Like a Dog with a Bone


There’s this guy that I work with who’s been doggedly fighting a deal I’m trying to write at work.  He sits in the Finance department and has taken it to heart that this particular contract is “bad for the company” and is throwing up objections and disruptions.  His dogged pursuit has continued even after his manager approved the deal and told us to proceed.

The guy isn’t the issue, nor is the deal.  The focus of my introspection is my reaction to the situation – I’ve had the urge to dismiss his concerns and I’ve been actively avoiding talking with him.  I rarely behave this way — I love partnering with people and the internal selling process generally.  But this time, I’ve resented the intrusion.

Perhaps it’s the delivery of the objections (the words are nice, the tone not so much) or perhaps it’s that I’ve grown tired of red tape.  Either way, I’m reminding myself as I write this note that I need to slow down, breathe, exercise patience, and respect others.

Thank goodness it’s almost Friday!



I spent two hours on the beach this afternoon, reading my Kindle and enjoying the sounds of the surf.  I didn’t expect much more than a bit of sunlight and relaxation, hard-earned after a day of exhaustion and excitement.  I didn’t expect to see whales.

The whales breached near the beach, bringing reminders of the strangeness of the deep and the tranquility of the blue sea below.  They arrived as guests to our hurried world, completely unaware and unconcerned about our humdrum lives and human foibles.  They arrived into my life for a brief moment, a reminder that there is a world below the surface that I neglect and ignore.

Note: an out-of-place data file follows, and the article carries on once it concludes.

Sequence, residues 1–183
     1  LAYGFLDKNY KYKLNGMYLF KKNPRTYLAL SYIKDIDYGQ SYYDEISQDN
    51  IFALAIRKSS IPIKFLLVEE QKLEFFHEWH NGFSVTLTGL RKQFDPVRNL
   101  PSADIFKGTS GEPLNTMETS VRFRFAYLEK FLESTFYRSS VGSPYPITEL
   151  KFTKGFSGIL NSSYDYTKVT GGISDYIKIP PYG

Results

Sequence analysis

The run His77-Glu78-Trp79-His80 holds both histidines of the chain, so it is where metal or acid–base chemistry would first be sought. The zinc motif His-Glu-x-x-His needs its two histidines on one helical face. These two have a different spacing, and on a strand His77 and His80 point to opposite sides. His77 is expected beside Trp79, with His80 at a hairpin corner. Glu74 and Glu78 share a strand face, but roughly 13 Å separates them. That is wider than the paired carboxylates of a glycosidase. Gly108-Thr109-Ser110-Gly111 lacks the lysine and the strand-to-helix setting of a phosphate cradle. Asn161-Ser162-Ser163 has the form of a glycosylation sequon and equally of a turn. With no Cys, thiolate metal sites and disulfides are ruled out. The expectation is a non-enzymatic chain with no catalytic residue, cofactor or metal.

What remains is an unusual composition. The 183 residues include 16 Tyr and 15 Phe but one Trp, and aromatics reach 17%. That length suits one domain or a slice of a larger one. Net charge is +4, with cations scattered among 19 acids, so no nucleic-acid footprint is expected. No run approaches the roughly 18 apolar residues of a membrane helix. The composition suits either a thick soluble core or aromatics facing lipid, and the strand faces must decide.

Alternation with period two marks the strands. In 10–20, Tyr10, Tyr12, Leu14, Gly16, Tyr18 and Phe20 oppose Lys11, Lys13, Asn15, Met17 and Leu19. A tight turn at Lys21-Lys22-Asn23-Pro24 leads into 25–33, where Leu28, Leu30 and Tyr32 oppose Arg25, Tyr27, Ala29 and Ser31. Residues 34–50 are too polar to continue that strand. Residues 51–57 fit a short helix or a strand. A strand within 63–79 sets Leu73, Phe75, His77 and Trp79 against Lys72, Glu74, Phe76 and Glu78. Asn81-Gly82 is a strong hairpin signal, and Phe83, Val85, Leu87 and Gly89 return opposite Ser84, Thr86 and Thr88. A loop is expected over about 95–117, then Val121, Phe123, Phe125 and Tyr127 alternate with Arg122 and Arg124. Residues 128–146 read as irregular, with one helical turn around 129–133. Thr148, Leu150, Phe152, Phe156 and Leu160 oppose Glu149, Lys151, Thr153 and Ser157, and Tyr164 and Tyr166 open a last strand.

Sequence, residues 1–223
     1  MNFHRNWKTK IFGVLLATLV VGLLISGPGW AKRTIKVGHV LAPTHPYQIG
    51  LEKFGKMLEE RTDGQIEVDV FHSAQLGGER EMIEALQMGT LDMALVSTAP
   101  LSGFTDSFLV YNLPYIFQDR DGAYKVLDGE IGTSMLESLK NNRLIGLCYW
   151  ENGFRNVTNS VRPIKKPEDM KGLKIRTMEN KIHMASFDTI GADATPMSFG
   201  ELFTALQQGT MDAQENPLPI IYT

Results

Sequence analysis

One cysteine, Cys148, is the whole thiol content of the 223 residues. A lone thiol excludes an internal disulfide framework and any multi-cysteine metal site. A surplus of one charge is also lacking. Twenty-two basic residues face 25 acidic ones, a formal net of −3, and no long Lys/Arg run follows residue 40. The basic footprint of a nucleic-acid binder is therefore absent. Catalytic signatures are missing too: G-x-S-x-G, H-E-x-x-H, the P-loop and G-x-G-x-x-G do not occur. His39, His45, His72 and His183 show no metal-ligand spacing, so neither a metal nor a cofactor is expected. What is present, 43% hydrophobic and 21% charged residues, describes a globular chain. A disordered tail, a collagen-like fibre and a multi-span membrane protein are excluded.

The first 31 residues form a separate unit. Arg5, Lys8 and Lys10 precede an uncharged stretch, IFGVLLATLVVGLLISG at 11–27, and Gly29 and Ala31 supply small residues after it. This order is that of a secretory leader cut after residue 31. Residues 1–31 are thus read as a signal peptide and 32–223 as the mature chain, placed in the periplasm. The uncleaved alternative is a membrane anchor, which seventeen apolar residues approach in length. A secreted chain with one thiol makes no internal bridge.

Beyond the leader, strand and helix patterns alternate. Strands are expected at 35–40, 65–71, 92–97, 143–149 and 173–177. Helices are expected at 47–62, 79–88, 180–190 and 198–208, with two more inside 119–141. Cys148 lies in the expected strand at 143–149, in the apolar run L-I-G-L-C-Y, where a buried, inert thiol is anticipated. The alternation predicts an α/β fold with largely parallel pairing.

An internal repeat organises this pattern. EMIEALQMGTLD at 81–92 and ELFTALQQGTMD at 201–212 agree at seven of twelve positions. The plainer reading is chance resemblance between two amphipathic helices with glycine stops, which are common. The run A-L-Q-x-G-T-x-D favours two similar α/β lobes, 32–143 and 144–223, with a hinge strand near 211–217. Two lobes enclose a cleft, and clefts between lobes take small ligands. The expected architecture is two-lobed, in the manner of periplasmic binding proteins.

Like the whales, I feel my awareness surfacing that it’s time for something new.  The whales feel like emissaries from my potential, arrived to tell me to look deeper, seek ahead, and listen to the quiet voice inside me that it’s time to breach into the future.

Back in the Sadddle


I’m back in the saddle, literally and metaphorically.  After nursing my mysteriously sprained and painfully non-operative ankle for more than three months, I went on my first ride today.  It was somewhat pitiful for someone who’s personal motto used to be “Pain Builds Character.”  I managed 15 flat miles and a 15.5 MPH pace, at a mid-zone 2 heart rate (averaging 173, peaking 188).  I rode on my brand-spanking new frame, a replacement from Cervelo due to a factory defect of my old frame.

Nearly every mile of the 15 was a struggle.  I’ve forgotten proper bike posture and cadence, and constantly had to fight my traitorous toes, which seemed to want to point downward in my stroke.  My hands and wrists complained about the quality of our roads.  And it was hot – even though we made it out about 10 am, it was already about 90F.  I’m not sure if the geometry of the 2015 Cervelo frame is significantly different than my trusty 2011 model, but I missed my old Green Machine.

I fought my way through the ride, and lived to write about it.  Today I iced my ankle, but I’m holding out hope that tomorrow will be just a hair easier and every day will be an improvement.  I’m back in the saddle — for another year of Training Ride Leader in Aids LifeCycle, and for another year of riding with friends and bike family.  I’m more than ready to start enjoying the positive effects of regular exercise, endorphins, and the road less traveled.

It’s just be great if I could manage more than 15 miles next time.  Pain builds character, right?